July 19 – 25, 2019Vol. 21, No. 7

LakeSmart Tips and Tricks

The Maine Lakes Resource Center in Belgrade Lakes Village, shown here from "the Channel," is a LakeSmart property.

by Sabine Fontaine

As we reach the middle of summer and water temperatures rise, you may begin to see more and more algae growth in our lakes. By late August, you may even see algae blooms caused by phosphorus that has washed into the lake. In some states, these blooms have made lakes unusable and unsafe, leaves a lot of us wondering: How can we slow down the growth of algae? How can we keep our lakes safe and usable? What can I, a lake-loving property owner, do?

Luckily LakeSmart, an educational program run by Maine Lakes Society, is here to help! LakeSmart volunteers visit properties and make recommendations that will help preserve the quality of the lakes. As we tell everyone we visit, it is all about keeping runoff, which carries unwanted pollutants, out of the lake. Here are a few things you can do to protect the water quality of our lakes:

  1. Request a LakeSmart visit to receive personalized recommendations for your property.
  2. Participate in the Great Pond watershed survey this September.
  3. Cover all bare soil with Erosion Control Mulch or gravel to stabilize the area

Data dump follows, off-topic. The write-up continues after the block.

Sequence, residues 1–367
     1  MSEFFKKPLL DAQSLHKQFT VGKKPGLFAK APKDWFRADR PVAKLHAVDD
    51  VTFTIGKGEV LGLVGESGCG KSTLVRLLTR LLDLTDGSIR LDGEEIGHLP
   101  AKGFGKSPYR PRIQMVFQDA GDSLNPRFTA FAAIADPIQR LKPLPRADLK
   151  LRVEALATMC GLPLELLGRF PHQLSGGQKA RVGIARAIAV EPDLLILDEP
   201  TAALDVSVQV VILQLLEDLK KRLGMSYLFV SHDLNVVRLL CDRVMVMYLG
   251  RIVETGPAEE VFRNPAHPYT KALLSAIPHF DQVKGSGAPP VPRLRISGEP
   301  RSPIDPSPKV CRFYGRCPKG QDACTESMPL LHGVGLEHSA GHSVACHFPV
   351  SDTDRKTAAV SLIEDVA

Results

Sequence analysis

4. Encourage all natural growth to develop along the shore to discourage run-off.
  5. Clearly define all recreation areas and pathways to prevent erosion from foot traffic
  6. Eliminate or minimize the use of herbicides, pesticides, and fertilizers.

If you look around your yard, your lakefront, your pathways, what do you see? Are there any well-loved areas looking bare? So bare you can see the soil? Here's your tip to preserve property value, protect water quality, and save the lake: cover that soil up!

Pathway stabilized by erosion control mulch. Photo courtesy of Maine Lakes Society LakeSmart.

Why? Storm water carries soil with its pollutants like phosphorus into the lake where it feeds algae blooms. These blooms look ugly, decrease property value, and disrupt the lake's ecosystem. The loons we thrill to see and hear need clear water to find their food. Fish, frogs, osprey and eagles depend on a healthy lake as well.

It's easy to fix those bare spots. Covering soil with mulch keeps pollution from being washed into the lake by storm water. There are many mulches, but one of the best is Erosion Control Mulch (ECM). It contains large woody pieces and small stones that lock together, so it doesn't wash away in rainstorms. You can get ECM from many local landscaping companies to use on your pathways. On flat areas less prone to runoff, a regular undyed mulch or crushed stone would also cover soil to save the lake.

If you are interested in getting personalized LakeSmart recommendations for your property, you can sign up for a free, no-obligation, LakeSmart visit by contacting Sabine Fontaine at lakesmart@blamaine.org or 512-5150.